Etching had lessened in popularity over the course of the nineteenth century, displaced by the ubiquitous lithograph. By the middle of the century, however, artists in Europe and later America advocated an etching revival to counter the commercial associations printmaking had acquired. In France, the charge was led in part by Charles Méryon, who is known for his haunting views of Paris from the 1850s. The American James McNeill Whistler, also at the center of the etching revival, promoted prints as fine art objects, as opposed to images made cheaply and in endless quantities. He printed his etchings in very small editions on expensive paper and made each print unique by varying the way he wiped the excess ink from the plates before they were printed (see Fish Shop, Venice).
|James Abbott McNeill Whistler: Fish Shop, Venice, 1880 (Los Angeles County Museum of Art; image © Museum Associates/LACMA)|
At the end of the century, many French Impressionists turned to printmaking, inspired by Japanese ukiyo-e woodblock prints. These colourful representations of courtesans, actors, and domestic scenes of women bathing were composed from high perspectives, with sharp spatial recession and flat areas of colour and pattern, techniques that Henri Toulouse-Lautrec and Jules Chéret used in posters advertising Parisian cabarets and entertainers. The American expatriate painter Mary Cassatt made a series of colour etchings (1891) that exemplify Impressionists’ interpretation of ukiyo-e prints, some of them with clear precedents in the work of Utamaro, whom Cassatt particularly admired. Henri Rivière, another central figure in japonisme, at first used the old-fashioned woodcut medium before turning to lithography to achieve the look of Japanese woodblocks.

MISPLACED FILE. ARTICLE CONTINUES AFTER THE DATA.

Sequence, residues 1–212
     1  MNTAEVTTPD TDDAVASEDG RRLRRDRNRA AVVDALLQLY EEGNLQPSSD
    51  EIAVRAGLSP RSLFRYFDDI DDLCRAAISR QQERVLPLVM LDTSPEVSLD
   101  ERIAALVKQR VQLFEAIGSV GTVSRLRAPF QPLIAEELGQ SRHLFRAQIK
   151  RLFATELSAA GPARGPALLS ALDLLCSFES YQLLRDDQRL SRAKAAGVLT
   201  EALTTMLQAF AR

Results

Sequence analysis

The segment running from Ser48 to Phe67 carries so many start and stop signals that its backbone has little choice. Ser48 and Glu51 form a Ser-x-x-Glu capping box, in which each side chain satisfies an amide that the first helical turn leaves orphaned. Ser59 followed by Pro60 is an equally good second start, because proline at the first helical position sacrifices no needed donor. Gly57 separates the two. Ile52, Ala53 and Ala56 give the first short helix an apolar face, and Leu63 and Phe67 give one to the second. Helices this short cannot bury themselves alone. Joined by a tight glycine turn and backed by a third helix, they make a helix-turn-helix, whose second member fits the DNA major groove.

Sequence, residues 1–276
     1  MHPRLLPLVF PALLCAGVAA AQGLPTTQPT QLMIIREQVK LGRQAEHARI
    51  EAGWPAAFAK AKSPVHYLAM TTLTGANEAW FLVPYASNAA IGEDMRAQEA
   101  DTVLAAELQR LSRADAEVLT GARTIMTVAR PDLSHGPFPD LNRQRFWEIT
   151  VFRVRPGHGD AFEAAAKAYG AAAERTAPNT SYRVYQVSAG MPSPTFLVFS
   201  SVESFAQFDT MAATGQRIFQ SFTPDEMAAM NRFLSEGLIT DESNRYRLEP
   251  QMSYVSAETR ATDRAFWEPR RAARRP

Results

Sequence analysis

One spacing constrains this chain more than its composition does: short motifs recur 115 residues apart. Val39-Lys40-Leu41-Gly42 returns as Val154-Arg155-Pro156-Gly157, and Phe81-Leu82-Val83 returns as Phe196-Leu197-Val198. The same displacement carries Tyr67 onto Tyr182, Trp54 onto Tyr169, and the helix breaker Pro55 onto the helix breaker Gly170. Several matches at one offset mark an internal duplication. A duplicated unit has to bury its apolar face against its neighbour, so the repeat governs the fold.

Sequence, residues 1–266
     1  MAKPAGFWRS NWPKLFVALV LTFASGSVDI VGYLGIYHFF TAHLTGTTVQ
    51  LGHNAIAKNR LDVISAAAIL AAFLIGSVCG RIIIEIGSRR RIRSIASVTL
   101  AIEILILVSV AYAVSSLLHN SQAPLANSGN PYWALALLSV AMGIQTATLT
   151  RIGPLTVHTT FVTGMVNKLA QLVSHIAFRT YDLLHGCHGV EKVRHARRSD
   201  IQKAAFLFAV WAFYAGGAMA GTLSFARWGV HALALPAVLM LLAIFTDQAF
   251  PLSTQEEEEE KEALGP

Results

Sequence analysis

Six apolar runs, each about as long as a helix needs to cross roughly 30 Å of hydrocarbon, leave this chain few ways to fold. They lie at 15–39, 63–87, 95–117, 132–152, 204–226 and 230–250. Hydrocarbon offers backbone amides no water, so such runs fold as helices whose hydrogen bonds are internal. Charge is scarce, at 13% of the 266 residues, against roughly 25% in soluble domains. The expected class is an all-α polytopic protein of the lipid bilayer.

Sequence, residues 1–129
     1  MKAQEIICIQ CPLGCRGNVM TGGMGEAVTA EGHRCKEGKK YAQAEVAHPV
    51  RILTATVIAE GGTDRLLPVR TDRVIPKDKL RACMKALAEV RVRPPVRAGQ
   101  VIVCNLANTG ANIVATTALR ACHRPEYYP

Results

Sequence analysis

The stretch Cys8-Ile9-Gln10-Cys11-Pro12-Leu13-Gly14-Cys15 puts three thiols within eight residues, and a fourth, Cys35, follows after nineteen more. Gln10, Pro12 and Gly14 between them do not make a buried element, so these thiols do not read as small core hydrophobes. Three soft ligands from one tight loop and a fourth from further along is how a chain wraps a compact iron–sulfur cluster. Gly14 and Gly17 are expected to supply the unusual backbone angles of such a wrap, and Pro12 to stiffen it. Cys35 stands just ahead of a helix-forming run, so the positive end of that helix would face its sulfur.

Some Post-Impressionist primitivists also turned to woodcut because the medium originated in a pre-industrial context and employs a natural, “primal” material. For artists like Paul Gauguin, this involved a rejection of Western, industrialised society in favor of non-Western cultures untainted by modernity. After an extended stay in Tahiti, Gauguin created a series of roughly textured and crudely worked woodcuts, such as Nave Nave Fenua (Delightful Land), (1893–4). Like Gauguin, the Norwegian painter and technically innovative printmaker Edvard Munch also consciously evoked the qualities of the wood in prints like The Kiss (1897), for which he treated part of the block so that the grain would create a textured background for the silhouetted figures.
These modernist approaches to visualizing artistic process and materials played a crucial role in the development of twentieth-century modernism. This integration of style and technique, along with the overall technical, stylistic, and conceptual shifts nineteenth-century printmakers oversaw made possible the vibrant activity in printmaking in the decades to follow.
Find more images and information through these links, selected by the editors of Oxford Art Online.
Spencer Museum of Art, Image Maps of Printmaking Techniques
Museum of Modern Art, New York, The Printed Picture (videos and texts on processes)